A well constructed story, very well told, and it thunders along so that even when you do find out whodunnit you will still be gripped.
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By A Customer on 25 Jan. 2001
Format: Paperback
The old cliche of 'unable to put it down' was definately true of this. With twists and turns that left my mouth literally open, I thoroughly enjoyed it. Levin's narrative is easy and uncluttered, allowing you to sail through the story, adding to the pace of the tale.
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Format: Paperback Verified Purchase
The title 'A Kiss Before Dying' conjures up, for me, an image of a 1950s pulp thriller with a fabulous, stylish cover featuring a woman who looks like the hourglassy one from Mad Men and a man in a fedora concealing a gun. And indeed, that's pretty much exactly what A Kiss Before Dying is, on the face of it - it's a crime novel published in 1953 about a handsome psychopath who preys upon a series of rich young women in a bid to secure a stake in their father's fortune.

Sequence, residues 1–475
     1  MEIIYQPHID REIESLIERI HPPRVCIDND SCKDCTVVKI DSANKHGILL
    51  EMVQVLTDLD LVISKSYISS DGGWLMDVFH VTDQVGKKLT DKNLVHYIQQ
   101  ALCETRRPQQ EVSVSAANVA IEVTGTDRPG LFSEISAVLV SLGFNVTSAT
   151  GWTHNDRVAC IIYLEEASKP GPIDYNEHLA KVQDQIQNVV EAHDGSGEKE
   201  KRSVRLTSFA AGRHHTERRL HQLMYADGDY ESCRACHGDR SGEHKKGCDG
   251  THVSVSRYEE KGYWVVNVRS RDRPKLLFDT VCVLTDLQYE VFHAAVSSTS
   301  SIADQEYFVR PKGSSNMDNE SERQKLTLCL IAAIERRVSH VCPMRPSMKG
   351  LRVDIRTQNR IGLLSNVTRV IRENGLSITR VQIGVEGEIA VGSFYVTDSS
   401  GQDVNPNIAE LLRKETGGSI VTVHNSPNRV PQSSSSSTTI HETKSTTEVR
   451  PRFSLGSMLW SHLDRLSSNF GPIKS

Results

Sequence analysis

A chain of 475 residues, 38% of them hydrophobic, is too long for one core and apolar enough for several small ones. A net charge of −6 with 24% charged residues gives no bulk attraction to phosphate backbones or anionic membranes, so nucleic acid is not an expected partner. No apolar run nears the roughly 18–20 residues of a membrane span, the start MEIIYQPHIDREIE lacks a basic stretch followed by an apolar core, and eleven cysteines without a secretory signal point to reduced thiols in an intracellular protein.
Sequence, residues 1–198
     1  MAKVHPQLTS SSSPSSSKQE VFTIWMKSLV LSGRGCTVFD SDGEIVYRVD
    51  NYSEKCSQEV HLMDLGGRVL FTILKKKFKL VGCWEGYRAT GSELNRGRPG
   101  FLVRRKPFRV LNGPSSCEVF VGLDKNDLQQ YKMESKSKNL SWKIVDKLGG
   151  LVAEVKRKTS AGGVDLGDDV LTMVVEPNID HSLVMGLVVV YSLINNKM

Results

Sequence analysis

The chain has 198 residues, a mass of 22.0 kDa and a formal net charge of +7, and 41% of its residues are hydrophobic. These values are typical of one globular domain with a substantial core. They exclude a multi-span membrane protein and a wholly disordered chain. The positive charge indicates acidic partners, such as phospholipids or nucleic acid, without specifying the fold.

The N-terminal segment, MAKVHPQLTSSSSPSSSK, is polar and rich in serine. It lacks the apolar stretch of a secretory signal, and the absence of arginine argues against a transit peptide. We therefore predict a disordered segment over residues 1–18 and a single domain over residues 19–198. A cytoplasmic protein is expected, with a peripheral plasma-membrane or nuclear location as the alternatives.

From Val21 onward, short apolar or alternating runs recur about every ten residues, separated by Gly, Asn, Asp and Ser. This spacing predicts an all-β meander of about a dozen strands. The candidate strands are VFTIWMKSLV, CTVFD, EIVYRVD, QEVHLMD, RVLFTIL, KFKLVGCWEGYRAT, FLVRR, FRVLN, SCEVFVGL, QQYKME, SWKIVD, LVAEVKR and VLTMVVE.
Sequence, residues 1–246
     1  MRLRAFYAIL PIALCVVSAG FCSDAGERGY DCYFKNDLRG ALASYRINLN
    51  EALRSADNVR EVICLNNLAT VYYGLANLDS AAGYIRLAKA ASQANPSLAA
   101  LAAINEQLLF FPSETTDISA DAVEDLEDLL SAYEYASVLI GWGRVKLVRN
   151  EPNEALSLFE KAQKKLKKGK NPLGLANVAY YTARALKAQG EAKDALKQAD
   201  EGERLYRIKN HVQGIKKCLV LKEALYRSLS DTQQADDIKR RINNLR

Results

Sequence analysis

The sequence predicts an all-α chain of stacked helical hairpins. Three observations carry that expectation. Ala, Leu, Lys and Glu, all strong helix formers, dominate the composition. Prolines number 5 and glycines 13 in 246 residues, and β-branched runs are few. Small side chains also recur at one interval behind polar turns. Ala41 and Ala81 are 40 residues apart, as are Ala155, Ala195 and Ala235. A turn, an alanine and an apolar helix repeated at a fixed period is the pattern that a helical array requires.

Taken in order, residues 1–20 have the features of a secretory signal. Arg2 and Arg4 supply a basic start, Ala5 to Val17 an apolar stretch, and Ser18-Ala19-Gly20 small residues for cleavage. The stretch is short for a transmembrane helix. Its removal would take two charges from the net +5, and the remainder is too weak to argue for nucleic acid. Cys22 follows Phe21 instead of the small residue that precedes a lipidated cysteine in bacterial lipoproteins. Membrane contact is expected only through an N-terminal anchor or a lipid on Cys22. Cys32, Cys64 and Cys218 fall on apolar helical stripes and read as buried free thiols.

And yet, while A Kiss Before Dying, by the late Ira Levin, has all the signature style and undeniable glamour of a somewhat noirish American thriller, not to mention a characteristically sensationalist plot, there's plenty to set it apart.

The story begins with an unnamed young man plotting the death of his fiancée, Dorothy Kingship - a pretty, rich, naive college student. Having planned to marry her to get his hands on some of her father's money, he's furious to learn that she's pregnant. This being somewhere around 1950, this seems likely to force them to marry immediately and incur the wrath of Dorothy's father, who will almost certainly disinherit her as a result, leaving the nameless protagonist poorer than ever and saddled with a wife and child he never wanted as well as ruining his master-plan. Consequently, when pills from a backstreet abortionist fail to work their magic, the only alternative, he feels, is murder.

It's chilling, tense and (like the much-maligned and underrated 1950s shocker, Peyton Place) remarkably evocative of its time and setting. And it's a decent enough thriller plot, of course. All pretty straightforward...

But then, Levin pulls a particularly clever trick. He switches the novel's point of view.
Read more ›
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Format: Kindle Edition Verified Purchase